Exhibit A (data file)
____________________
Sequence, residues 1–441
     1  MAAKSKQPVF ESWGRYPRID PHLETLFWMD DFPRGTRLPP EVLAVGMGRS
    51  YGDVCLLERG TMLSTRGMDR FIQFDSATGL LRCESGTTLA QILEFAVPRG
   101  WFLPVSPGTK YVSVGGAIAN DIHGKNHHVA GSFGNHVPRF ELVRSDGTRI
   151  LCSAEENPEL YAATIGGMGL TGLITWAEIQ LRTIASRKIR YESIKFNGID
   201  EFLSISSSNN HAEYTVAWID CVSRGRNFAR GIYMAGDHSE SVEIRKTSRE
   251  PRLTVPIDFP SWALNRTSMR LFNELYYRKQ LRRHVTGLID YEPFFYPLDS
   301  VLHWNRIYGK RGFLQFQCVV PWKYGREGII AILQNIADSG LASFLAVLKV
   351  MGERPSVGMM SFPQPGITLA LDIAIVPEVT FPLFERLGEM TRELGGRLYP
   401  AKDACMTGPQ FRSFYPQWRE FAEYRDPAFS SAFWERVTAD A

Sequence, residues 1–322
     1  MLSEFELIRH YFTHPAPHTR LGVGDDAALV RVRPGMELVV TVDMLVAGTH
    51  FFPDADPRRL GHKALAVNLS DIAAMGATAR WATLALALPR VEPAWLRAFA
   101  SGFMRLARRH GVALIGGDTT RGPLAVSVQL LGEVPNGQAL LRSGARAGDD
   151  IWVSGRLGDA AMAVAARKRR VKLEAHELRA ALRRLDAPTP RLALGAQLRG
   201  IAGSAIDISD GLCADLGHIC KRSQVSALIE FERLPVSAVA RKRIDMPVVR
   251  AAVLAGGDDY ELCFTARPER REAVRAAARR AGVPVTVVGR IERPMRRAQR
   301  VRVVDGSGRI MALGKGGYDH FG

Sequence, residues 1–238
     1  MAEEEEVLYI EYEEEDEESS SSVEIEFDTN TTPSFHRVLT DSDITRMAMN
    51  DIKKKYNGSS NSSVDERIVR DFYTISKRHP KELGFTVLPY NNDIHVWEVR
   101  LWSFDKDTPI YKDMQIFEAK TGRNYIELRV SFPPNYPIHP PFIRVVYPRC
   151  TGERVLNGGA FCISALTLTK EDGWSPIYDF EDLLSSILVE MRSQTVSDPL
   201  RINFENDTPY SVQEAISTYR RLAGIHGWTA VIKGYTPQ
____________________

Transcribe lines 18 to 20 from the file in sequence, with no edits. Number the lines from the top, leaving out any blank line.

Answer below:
   301  VRVVDGSGRI MALGKGGYDH FG

Sequence, residues 1–238
     1  MAEEEEVLYI EYEEEDEESS SSVEIEFDTN TTPSFHRVLT DSDITRMAMN